Companies that are active in the construction sector with different roles, e.g. employers, contractors, and other industry stakeholders such as subcontractors, architects, engineers, developers and financing institutions have learned to involve their construction disputes lawyers in their projects from very early on, even at the stage of contract preparation. A well-handled contract preparation stage minimizes the probability of disputes by avoiding those ambiguities which turn into disputes in future.
What do clients look for when selecting a construction lawyer?
Like in any other field that requires expertise, clients look for experience and deep sector knowledge. Construction lawyers are especially expected to understand how a construction project evolves from the first stages of feasibility and procurement till the expiration of the warranty period, in addition to purely legal aspects. They are also expected to adapt to new developments quickly, e.g. from new methods of procurement to new IT tools to managing delays and claims.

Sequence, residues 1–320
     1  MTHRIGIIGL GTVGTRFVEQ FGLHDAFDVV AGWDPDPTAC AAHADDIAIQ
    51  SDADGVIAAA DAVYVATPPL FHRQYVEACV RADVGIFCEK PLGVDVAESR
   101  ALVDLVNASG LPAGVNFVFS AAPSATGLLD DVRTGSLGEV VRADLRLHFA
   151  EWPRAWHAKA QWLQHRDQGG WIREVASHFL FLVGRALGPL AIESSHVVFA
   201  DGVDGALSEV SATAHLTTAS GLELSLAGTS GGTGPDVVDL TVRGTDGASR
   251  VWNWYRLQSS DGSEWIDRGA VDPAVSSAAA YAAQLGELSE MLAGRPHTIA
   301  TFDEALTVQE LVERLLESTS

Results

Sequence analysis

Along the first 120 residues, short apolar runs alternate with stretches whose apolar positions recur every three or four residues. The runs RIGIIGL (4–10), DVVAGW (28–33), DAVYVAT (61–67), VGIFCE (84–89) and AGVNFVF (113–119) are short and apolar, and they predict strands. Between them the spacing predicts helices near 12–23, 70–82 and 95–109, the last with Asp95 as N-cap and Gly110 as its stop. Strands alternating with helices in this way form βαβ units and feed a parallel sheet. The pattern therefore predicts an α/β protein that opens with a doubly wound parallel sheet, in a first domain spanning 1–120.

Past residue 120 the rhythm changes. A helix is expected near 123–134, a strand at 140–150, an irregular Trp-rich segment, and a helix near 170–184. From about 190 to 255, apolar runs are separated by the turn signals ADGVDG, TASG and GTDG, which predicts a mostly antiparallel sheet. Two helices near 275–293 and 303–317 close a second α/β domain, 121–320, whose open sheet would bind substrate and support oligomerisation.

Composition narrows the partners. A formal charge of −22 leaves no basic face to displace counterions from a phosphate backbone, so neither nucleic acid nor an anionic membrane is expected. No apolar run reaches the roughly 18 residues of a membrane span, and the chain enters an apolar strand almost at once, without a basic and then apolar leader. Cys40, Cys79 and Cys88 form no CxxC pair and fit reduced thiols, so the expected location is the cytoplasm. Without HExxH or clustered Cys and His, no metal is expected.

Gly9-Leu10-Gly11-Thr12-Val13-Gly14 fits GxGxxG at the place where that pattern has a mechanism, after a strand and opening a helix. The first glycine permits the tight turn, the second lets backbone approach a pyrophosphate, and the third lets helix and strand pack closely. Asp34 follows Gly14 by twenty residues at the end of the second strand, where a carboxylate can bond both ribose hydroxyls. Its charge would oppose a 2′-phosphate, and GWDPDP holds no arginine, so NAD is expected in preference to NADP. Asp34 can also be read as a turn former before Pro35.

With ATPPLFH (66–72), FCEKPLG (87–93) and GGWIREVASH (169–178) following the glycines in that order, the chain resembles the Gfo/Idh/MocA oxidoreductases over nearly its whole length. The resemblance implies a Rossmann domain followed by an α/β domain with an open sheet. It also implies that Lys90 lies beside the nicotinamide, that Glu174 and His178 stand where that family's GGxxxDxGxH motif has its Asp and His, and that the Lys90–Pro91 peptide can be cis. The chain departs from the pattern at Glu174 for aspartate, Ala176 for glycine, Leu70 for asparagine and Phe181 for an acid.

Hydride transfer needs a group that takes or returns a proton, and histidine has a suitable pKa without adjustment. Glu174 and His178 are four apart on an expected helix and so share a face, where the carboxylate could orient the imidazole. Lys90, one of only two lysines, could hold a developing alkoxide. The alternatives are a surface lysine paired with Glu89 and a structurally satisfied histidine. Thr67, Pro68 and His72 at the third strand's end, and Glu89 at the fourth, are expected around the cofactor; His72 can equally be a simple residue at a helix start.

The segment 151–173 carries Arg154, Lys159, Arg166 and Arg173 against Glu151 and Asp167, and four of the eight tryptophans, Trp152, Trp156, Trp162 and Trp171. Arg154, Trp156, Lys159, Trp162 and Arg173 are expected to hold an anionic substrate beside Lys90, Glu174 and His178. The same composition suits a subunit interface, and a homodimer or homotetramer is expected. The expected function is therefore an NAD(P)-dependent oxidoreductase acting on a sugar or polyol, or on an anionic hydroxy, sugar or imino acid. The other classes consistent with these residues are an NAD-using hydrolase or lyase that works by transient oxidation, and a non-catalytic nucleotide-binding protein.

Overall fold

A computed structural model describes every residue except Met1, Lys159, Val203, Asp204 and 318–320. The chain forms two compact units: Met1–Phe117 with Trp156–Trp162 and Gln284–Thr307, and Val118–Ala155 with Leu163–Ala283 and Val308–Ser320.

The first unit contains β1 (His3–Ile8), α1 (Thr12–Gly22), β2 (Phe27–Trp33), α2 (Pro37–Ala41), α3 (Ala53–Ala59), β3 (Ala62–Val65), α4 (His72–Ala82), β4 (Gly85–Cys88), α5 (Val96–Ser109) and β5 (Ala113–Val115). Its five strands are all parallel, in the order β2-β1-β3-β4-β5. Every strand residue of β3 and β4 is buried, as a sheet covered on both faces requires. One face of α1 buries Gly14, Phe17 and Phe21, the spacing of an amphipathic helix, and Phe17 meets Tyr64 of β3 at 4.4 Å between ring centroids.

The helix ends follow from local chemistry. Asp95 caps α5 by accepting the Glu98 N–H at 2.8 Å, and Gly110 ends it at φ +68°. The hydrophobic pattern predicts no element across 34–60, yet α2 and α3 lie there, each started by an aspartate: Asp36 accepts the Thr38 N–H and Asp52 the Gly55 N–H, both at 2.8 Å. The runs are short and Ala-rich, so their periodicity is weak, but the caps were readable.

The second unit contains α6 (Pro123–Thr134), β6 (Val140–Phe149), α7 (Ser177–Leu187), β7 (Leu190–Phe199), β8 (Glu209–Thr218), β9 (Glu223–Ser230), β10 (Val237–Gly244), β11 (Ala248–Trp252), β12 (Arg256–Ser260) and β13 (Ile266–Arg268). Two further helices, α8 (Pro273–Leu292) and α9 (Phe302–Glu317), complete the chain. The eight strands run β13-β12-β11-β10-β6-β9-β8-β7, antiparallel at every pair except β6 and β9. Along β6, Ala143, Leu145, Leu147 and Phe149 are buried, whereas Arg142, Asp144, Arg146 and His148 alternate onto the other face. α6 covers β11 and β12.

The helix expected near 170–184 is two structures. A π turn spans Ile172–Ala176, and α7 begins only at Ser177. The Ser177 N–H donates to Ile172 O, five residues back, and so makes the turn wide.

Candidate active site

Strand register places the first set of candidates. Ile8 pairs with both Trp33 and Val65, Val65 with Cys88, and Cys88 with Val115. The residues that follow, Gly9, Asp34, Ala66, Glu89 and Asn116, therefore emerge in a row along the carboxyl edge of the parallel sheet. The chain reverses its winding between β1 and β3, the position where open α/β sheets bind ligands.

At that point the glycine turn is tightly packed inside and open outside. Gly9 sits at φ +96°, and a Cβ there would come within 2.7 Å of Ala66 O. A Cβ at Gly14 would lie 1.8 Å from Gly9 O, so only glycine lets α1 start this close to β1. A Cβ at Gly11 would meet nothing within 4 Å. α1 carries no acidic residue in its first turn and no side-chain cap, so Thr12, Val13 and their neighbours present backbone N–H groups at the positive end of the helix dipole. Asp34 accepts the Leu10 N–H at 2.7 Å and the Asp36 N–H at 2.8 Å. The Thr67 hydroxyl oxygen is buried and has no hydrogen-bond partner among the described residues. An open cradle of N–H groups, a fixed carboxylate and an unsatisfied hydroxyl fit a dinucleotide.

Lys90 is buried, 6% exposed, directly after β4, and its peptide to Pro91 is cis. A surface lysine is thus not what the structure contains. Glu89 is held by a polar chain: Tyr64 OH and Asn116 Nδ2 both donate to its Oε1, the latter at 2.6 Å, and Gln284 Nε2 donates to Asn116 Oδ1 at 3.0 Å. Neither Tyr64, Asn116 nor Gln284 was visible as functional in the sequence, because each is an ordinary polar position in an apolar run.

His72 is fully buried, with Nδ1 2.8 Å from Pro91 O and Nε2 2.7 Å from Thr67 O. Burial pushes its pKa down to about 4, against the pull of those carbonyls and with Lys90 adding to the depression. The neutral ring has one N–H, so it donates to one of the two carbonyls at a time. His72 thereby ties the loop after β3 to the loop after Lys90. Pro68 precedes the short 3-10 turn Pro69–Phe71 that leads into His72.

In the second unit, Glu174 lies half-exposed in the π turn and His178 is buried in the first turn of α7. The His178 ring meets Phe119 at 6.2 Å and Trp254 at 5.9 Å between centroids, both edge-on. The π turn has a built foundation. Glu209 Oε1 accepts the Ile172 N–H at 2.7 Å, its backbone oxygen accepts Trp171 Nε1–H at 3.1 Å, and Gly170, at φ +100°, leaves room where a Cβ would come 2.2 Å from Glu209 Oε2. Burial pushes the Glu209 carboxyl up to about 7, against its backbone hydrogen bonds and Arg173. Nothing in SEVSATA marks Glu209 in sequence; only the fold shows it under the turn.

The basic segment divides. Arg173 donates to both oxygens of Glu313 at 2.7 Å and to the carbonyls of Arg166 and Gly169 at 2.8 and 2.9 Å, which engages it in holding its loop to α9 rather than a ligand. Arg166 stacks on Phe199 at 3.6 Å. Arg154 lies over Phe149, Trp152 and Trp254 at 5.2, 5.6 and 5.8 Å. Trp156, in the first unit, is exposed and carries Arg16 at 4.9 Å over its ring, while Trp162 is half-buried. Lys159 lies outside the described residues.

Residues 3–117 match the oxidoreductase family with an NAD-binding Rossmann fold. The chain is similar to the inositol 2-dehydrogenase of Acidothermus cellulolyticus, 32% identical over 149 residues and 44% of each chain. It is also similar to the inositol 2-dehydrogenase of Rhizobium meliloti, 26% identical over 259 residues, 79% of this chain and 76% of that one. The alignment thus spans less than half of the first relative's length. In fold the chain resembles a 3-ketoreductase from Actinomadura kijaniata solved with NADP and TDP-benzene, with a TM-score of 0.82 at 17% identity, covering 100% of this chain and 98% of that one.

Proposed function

What qualities make for an effective construction disputes lawyer?
An effective construction disputes lawyer must, to my mind, have the same skills which define any effective lawyer: the ability to distinguish relevant from irrelevant, the readiness to deal with every tiny aspect of a dispute without losing the full picture; a holistic approach that includes the – mostly more important – non-legal factors of a project; the ability to efficiently communicate with other professions and ensure you are clearly understood by engineers, project finance experts and the worker on site; the understanding of the lifetime of construction project as a whole; if you are instructed to handle a dispute after something went wrong you need the ability to not only assess what you see now but also what the situation looked like at the time relevant decisions were taken.
What ramifications has covid-19 had on construction disputes?